Developers are proud of their work. The best way to get unhappy developers is to force them to create and deploy some crappy software. Sales however, does not care about crap software.. it just needs to work, it needs to be created quickly and cheap so they can sell even more…
Both departments have conflicting interests that 9 out of 10 times the developer will loose.. After all: at the end of the month, it’s the customer who pays the developer salary (and sales’ big bonuses). So, 2 departments, 2 different interests. Normally, the project manager is the person that sits between sales (or management) and development. It’s his job to make sure projects are constructed according the specs of the client, on time and on budget. Not an easy task when the two sides you are working with are in constant state of war.
As said, the sales department never really looses a battle since they generate money, while development generates code. How well written this code is, is never really an issue for a customer. But what if it actually is?
Technical debt: a VISA card, but with an even higher interest rate.
Understand technical debt and it can be your best friend. Don’t, and it will haunt you for the rest of your life. Really..
Every time you create a quick fix, hack some feature into your code base, or quickly fix an error in a production environment, you take on a technical debt. Although you reap the benefits now, you have to pay it back. This is something that most developers will concur, but it’s not something that sales or management always know (or care). It’s a project manager job to keep the technical debt into acceptable limits so both development and sales are happy with the end result. Not an easy job that everybody should do.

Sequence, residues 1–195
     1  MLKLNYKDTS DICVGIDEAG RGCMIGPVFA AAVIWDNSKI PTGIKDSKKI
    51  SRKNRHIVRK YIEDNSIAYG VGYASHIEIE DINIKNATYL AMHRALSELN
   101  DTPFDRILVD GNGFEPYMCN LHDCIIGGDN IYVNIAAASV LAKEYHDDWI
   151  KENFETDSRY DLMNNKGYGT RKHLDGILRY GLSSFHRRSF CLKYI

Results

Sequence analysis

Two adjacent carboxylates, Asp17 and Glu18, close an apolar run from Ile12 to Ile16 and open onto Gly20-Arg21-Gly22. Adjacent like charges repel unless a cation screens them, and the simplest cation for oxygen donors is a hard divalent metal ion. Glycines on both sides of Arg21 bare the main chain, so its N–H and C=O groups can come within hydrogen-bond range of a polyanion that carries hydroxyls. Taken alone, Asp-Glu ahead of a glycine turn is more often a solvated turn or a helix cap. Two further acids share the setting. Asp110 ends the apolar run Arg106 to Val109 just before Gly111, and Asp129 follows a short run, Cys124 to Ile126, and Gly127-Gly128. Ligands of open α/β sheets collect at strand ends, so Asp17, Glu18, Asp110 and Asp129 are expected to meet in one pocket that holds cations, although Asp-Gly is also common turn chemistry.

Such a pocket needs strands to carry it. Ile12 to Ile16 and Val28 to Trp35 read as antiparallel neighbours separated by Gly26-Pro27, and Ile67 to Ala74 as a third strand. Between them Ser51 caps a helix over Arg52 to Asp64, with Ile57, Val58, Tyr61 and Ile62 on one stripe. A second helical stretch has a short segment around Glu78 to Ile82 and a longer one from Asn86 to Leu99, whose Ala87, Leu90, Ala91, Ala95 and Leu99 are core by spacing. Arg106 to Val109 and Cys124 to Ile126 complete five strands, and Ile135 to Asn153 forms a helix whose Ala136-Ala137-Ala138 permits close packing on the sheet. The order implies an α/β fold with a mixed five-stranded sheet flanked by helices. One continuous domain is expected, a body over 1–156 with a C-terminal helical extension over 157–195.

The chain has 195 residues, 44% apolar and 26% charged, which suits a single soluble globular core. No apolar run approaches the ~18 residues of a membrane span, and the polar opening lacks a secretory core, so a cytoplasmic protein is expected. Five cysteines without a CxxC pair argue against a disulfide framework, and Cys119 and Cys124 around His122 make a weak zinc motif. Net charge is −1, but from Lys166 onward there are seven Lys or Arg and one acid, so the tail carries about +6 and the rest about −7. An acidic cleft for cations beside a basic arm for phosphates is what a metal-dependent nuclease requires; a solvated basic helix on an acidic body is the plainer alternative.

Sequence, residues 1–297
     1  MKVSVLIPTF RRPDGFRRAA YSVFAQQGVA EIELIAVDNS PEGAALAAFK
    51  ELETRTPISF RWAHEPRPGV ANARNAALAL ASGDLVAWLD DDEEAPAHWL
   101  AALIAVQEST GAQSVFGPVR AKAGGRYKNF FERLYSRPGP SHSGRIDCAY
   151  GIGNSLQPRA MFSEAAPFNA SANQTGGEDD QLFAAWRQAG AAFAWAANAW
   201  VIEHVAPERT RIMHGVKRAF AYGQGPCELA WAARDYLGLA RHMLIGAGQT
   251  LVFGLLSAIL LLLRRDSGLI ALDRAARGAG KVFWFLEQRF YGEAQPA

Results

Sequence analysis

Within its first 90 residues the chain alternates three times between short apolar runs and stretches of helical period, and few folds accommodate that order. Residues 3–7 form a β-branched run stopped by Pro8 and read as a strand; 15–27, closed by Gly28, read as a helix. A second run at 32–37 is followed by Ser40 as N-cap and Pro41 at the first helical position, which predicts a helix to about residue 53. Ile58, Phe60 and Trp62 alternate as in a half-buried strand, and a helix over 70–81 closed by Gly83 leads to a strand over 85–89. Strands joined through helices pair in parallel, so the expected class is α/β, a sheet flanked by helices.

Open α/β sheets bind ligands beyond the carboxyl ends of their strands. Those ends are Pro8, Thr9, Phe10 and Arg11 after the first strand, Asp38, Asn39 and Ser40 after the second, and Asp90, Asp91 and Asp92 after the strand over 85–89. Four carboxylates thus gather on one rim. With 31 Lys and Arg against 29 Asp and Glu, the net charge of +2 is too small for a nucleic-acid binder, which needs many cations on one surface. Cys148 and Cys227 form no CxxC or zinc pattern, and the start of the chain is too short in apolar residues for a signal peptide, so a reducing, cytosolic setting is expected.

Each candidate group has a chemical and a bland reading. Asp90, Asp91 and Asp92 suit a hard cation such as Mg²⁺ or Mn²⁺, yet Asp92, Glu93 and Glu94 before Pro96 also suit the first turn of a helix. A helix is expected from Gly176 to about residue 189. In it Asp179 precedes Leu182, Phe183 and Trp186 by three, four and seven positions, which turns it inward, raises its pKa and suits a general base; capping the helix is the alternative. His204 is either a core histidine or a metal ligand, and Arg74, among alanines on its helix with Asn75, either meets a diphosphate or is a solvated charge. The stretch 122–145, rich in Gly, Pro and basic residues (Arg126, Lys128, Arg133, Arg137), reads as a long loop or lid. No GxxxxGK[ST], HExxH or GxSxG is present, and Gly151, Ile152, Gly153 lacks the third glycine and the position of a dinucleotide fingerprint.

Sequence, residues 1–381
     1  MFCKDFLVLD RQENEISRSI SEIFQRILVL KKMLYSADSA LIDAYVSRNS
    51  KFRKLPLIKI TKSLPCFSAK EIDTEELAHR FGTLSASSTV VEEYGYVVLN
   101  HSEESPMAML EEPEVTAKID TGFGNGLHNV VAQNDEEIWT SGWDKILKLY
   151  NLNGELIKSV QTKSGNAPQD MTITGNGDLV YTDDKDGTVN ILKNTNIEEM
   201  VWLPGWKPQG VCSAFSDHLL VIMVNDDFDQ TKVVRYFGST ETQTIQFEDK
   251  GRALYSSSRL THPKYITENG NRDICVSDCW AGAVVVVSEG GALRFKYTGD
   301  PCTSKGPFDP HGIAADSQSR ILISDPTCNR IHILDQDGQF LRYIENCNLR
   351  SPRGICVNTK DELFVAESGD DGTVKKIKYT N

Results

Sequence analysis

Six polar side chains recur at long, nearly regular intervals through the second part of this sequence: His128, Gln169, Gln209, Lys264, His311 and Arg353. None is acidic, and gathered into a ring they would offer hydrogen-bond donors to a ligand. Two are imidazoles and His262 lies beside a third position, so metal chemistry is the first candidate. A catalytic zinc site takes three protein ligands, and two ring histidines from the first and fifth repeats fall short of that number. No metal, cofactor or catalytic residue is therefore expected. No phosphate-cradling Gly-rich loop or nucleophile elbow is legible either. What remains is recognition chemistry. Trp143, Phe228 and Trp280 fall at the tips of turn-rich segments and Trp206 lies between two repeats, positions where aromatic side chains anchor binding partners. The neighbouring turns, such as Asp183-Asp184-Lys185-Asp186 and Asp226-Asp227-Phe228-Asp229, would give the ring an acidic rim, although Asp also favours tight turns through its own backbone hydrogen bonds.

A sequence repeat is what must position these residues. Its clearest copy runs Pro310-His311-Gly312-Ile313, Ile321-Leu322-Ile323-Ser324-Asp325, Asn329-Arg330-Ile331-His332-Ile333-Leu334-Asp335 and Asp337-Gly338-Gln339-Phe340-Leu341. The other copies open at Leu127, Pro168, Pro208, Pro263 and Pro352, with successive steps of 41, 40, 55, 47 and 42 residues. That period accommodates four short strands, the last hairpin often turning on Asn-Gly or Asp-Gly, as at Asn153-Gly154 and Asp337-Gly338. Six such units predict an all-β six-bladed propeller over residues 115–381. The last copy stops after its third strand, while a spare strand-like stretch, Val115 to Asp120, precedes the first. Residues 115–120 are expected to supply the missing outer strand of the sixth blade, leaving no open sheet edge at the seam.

One thing is important when dealing with technical debt:
You can plan the hours you work on something beforehand, but you cannot plan the amount of work when you actually need to pay your technical debt back.
It make sense actually. When I have a choice in implementing a new feature quickly the “normal” way, it would cost me 4 hours. Doing it quickly it would be done in an hour. However, as soon as you need to pay your debt back because you broke something, it collides with another new feature requests, support cannot handle questions about the feature, nobody else knows what the feature is about, or how it’s written etc etc… exactly how much time you need to spend on actually fixing it correctly? 2 hours? Then it would still be a good deal (compared to the original 4 hours work), but most likely it would be much more than those 4 original hours. So now a new feature doing it the RIGHT way, would take - say - 4 hours + an additional 6 hours of debt payment.. And not even your best sales guy could sell that to your customer…..
Paying back debt is very easy, and most developers would love to get rid of bad code.. The problem is getting sales and management to green light the nonchargeable hours that comes with paying back the debt.. Stop thinking in quick fixes, or at least, take the debt you creating in account when selling something so not only you, but your customers as well don’t end up with surprises later on..